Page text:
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Printable nanocomposites of polymers and silver nanoparticles for antibacterial devices produced by DoD technology

  • Nicole Barrera ,

    Contributed equally to this work with: Nicole Barrera, Lizeth Guerrero

    Roles Investigation, Methodology, Writing – original draft

    Affiliations Universidad de las Fuerzas Armadas ESPE, Sangolquí, Ecuador, Departamento de Química Fundamental, Universidade Federal de Pernambuco - UFPE, Recife, Pernambuco, Brazil

  • Lizeth Guerrero ,

    Contributed equally to this work with: Nicole Barrera, Lizeth Guerrero

    Roles Conceptualization, Investigation, Methodology, Writing – original draft, Writing – review & editing

    Affiliations Universidad de las Fuerzas Armadas ESPE, Sangolquí, Ecuador, Departamento de Química Fundamental, Universidade Federal de Pernambuco - UFPE, Recife, Pernambuco, Brazil

  • Alexis Debut ,

    Roles Data curation, Investigation, Supervision, Writing – original draft, Writing – review & editing

    Affiliation Universidad de las Fuerzas Armadas ESPE, Sangolquí, Ecuador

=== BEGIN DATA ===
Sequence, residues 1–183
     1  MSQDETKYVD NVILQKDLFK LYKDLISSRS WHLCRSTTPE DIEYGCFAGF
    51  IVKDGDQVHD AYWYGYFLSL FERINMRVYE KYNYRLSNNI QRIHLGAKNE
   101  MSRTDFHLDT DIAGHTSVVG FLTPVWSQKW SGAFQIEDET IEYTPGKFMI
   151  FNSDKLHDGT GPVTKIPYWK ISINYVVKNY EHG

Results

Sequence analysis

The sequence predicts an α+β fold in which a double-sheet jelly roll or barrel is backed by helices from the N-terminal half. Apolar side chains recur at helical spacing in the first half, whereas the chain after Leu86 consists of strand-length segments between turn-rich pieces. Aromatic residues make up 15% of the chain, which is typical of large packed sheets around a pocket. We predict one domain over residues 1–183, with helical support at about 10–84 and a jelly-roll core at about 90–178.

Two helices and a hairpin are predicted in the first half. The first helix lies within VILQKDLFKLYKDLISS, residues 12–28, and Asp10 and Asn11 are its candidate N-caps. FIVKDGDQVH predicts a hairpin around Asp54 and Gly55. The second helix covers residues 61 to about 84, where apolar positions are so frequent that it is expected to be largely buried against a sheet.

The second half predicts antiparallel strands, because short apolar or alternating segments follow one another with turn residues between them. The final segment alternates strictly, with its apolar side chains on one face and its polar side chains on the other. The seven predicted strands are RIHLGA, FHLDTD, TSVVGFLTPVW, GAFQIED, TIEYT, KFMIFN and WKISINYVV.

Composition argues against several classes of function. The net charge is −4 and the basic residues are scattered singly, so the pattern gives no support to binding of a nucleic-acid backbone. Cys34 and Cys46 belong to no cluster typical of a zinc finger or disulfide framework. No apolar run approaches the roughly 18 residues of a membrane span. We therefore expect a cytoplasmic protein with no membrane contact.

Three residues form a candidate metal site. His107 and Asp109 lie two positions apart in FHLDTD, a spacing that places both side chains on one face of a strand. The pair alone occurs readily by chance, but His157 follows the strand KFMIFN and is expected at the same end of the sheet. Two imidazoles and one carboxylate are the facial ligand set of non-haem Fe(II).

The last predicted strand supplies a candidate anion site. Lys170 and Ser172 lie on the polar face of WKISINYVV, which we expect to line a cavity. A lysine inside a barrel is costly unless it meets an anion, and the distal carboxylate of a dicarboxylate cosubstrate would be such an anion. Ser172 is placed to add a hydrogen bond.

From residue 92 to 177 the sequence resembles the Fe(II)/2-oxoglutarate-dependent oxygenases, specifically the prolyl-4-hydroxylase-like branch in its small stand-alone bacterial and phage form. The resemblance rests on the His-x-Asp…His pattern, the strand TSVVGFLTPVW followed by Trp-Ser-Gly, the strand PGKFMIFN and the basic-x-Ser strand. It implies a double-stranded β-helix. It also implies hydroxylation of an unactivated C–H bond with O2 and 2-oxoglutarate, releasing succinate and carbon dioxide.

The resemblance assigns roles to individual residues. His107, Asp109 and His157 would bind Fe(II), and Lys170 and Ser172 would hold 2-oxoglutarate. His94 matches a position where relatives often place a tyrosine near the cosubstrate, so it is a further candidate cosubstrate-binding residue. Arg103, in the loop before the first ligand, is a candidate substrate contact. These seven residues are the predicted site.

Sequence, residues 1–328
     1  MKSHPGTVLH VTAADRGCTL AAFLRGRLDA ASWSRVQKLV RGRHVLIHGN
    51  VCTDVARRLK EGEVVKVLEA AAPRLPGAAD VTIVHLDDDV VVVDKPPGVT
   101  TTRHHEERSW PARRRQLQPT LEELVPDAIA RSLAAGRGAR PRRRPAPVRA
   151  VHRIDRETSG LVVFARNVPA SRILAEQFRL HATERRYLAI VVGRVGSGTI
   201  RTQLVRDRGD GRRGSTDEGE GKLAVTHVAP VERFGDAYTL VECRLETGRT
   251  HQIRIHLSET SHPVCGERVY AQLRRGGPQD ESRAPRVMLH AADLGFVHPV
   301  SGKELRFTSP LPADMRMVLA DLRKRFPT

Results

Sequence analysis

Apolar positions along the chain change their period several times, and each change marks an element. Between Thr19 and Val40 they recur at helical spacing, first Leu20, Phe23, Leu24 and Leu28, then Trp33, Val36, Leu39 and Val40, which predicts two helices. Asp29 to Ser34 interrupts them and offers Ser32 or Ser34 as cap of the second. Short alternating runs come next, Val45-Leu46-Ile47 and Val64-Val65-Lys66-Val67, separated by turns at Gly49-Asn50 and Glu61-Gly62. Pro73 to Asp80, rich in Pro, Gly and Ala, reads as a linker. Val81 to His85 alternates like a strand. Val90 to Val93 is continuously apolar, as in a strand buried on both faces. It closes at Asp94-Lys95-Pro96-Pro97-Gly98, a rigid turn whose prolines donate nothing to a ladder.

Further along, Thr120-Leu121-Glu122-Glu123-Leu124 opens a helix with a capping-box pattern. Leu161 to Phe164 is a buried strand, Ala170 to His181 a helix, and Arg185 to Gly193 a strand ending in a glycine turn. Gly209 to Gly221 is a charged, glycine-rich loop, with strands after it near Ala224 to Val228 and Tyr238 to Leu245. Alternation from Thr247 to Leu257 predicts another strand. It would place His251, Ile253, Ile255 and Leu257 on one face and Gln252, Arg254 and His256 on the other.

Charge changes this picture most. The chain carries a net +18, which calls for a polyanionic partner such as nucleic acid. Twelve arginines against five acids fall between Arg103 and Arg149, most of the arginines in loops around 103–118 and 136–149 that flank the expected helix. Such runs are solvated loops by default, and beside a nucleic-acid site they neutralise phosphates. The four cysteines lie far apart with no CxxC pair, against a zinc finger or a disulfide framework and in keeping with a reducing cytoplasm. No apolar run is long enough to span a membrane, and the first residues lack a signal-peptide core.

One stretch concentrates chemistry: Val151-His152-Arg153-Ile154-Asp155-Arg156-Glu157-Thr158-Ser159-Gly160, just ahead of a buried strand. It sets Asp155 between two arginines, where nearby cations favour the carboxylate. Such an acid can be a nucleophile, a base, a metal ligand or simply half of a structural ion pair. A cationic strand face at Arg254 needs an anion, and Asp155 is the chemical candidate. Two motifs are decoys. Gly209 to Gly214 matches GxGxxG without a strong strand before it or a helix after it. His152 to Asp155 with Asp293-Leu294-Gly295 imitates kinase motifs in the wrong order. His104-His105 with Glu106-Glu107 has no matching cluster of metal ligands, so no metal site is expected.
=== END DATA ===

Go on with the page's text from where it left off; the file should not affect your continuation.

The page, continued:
• Petrus Santa-Cruz

    Roles Conceptualization, Funding acquisition, Investigation, Methodology, Project administration, Writing – original draft, Writing – review & editing

    Affiliation Departamento de Química Fundamental, Universidade Federal de Pernambuco - UFPE, Recife, Pernambuco, Brazil

Printable nanocomposites of polymers and silver nanoparticles for antibacterial devices produced by DoD technology

  • Nicole Barrera, 
  • Lizeth Guerrero, 
  • Alexis Debut, 
  • Petrus Santa-Cruz


Silver nanoparticles (Ag-NPs) are known for their efficient bactericidal activity and are widely used in industry. This study aims to produce printable antibacterial devices by drop-on-demand (DoD) inkjet technology, using Ag-NPs as the active part in complex printable fluids. The synthesis of this active part is described using two methods to obtain monodisperse NPs: chemical and microwave irradiation. The synthesized NPs were characterized by UV-VIS, STEM, TEM, DLS and XRD. Two printable fluids were produced based: one with Ag-NPs and a second one, a polymeric nanocomposite, using silver nanoparticles and polyvinyl butyral (Ag-NPs/PVB). Cellulose acetate was used as a flexible substrate. The ecotoxicity analysis of fluids and substrate was performed with Artemia franciscana nauplii. Optimized electric pulse waveforms for drop formation of the functional fluids were obtained for the piezoelectric-based DoD printing. Activity of printed antibacterial devices was evaluated using the Kirby-Bauer method with Staphylococcus aureus and Escherichia coli. The results show that the printed device with Ag-NP fluids evidenced a bacterial inhibition. An important advantage in using the DoD process is the possibility of printing, layer by layer or side by side, more than one active principle, allowing an interleaved or simultaneous release of silver NP and other molecules of interest as for example with a second functional fluid to ensure effectiveness of Ag activity.